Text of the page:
Uttiya, aka: Uttika; 1 Definition(s)


Uttiya means something in Buddhism, Pali. If you want to know the exact meaning, history, etymology or English translation of this term then check out the descriptions on this page. Add your comment or reference to a book if you want to contribute to this summary article.

In Buddhism

Theravada (major branch of Buddhism)

[Uttiya in Theravada glossaries]

(see also Uttika Sutta)

1. Uttiya, Uttika - He was the son of a brahmin of Savatthi. When he came of age, he left the world, seeking the Deathless, and became a Paribbajaka. One day, on his travels, he came to the place where the Buddha was preaching and entered the Order, but because of the impurity of his morals he could not win his goal. Seeing other bhikkhus who had achieved their object, he asked the Buddha for a lesson in brief. The Buddha gave him a short lesson, which he used for his meditations. During these meditations he fell ill, but in his anxiety he put forth every effort and became an arahant (Thag.v.30; ThagA.i.89f).

In the time of Siddhattha Buddha he was a crocodile in the river Candabhaga. One day, seeing the Buddhas desire to cross to the other bank, the crocodile offered him its back to sit on and took him across.

Seven times he was king of the devas, and three times ruler of men (Ap.i.79-80). This Uttiya is evidently identical with the thera of the same name mentioned in the Samyutta Nikaya. In one sutta (S.v.22) the Buddha explains to him, in answer to his question, the character of the five sensual elements and the necessity for their abandonment. Elsewhere (S.v.166) he is represented as asking the Buddha for a lesson in brief, which the Buddha gives him. Dwelling in solitude, he meditates on this and becomes an arahant.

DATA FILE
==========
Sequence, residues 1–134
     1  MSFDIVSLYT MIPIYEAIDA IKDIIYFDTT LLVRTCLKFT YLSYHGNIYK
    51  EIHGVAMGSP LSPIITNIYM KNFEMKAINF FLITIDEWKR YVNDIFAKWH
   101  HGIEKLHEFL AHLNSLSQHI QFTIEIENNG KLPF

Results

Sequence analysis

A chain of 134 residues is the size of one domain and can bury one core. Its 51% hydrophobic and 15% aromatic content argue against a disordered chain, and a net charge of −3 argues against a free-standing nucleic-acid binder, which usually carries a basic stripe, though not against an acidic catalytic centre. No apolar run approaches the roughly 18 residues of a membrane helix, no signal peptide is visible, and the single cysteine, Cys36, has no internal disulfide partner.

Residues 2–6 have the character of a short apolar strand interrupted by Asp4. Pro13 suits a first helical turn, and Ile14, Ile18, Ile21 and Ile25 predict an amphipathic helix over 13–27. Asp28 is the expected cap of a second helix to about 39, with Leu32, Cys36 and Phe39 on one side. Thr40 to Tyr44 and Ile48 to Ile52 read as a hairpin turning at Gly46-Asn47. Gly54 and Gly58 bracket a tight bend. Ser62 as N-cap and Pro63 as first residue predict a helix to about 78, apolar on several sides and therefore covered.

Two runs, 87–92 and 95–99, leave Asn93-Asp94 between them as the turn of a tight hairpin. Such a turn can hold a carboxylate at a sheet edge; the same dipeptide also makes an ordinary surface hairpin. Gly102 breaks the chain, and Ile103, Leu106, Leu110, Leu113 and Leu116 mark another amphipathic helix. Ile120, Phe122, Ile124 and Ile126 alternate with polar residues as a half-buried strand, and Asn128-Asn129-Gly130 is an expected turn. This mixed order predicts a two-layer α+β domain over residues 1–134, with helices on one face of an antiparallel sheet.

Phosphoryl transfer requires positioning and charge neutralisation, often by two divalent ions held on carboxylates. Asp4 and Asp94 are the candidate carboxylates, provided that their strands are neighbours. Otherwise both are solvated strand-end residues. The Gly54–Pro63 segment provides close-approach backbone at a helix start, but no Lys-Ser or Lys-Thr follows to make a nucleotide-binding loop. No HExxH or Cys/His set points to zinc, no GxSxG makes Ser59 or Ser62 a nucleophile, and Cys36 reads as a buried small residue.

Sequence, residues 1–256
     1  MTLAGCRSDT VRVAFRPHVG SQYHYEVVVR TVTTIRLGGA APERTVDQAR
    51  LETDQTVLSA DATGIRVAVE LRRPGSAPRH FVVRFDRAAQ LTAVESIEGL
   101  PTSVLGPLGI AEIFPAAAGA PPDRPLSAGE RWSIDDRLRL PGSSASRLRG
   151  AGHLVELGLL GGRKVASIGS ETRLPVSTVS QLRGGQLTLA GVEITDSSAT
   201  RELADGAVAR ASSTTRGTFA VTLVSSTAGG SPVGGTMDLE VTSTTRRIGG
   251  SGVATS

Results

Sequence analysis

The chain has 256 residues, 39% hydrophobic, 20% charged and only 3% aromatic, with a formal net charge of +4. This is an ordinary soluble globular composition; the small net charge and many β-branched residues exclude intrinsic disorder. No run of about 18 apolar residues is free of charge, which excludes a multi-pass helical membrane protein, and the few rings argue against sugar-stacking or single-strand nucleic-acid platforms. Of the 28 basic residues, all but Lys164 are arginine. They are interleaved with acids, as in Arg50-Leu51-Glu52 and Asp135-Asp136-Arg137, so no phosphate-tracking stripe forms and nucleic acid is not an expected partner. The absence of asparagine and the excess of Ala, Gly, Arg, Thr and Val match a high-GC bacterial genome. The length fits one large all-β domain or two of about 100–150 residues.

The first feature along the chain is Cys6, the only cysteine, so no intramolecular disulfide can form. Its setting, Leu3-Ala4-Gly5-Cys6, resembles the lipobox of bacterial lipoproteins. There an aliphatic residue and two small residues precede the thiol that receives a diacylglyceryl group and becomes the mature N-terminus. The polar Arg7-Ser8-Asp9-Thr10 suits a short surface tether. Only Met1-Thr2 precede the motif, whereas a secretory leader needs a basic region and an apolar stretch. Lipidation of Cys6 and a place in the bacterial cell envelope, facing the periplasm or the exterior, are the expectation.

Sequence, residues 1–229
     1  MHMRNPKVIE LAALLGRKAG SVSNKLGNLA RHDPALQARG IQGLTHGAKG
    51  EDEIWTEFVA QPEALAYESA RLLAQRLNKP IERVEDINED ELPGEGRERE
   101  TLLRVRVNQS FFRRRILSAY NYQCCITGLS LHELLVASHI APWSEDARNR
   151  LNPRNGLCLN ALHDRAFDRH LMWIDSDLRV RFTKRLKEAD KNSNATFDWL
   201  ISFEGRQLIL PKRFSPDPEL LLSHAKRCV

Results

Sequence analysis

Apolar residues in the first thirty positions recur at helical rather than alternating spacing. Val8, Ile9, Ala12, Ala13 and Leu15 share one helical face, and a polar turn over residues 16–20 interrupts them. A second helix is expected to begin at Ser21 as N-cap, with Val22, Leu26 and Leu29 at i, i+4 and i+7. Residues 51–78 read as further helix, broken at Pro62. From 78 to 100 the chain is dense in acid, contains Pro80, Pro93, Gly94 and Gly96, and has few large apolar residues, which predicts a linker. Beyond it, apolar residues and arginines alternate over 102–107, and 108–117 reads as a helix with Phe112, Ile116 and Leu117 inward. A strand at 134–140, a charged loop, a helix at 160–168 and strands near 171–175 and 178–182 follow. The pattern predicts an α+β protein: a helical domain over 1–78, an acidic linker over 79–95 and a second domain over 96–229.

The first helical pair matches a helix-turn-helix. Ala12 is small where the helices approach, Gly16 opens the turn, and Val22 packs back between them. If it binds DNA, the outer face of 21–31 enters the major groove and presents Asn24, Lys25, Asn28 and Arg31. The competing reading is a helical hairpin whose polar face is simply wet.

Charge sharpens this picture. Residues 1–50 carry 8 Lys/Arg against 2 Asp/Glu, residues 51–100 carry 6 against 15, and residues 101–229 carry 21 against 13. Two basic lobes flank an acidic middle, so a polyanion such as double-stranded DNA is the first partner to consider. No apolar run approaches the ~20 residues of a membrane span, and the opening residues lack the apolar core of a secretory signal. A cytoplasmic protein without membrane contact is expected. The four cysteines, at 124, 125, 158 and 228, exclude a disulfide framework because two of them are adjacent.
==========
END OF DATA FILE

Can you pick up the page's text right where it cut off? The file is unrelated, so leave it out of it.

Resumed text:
Perhaps he is also identical with Uttiya Paribbajaka, who is represented in the Anguttara Nikaya (A.v.193ff) as asking the Buddha various questions on the duration of the world, etc., and as being helped by Ananda to understand the real import of the Buddhas answers.

2. Uttiya Thera - He was one of four companions - the others being Godhika, Subahu and Valliya - who were born at Pava as the sons of four Malls rajas. They were great friends, and once went together on some embassy to Kapilavatthu. There they saw the Buddhas Twin Miracle, and, entering the Order, they soon became arahants. When they went to Rajagaha, Bimbisara invited them to spend the rainy season there and built for each of them a hut, carelessly omitting, however, to have the huts roofed. So the theras dwelt in the huts unsheltered. For a long time there was no rain and the king, wondering thereat, remembered his neglect and had the huts thatched, plastered and painted. He then held a dedication festival and gave alms to the Order. The Elders went inside the huts and entered into a meditation of love. Forthwith the sky darkened in the west and rains fell.

In the time of Siddhattha Buddha the four were householders and friends; one of them gave to the Buddha a ladleful of food, another fell prostrate before the Buddha and worshipped him, the third gave him a handful of flowers, while the fourth paid him homage with sumana flowers.

In Kassapas time, too, they were friends and entered the Order together.

(Source): Pali Kanon: Pali Proper Names
context information

Theravāda is a major branch of Buddhism having the the Pali canon (tipitaka) as their canonical literature, which includes the vinaya-pitaka (monastic rules), the sutta-pitaka (Buddhist sermons) and the abhidhamma-pitaka (philosophy and psychology).

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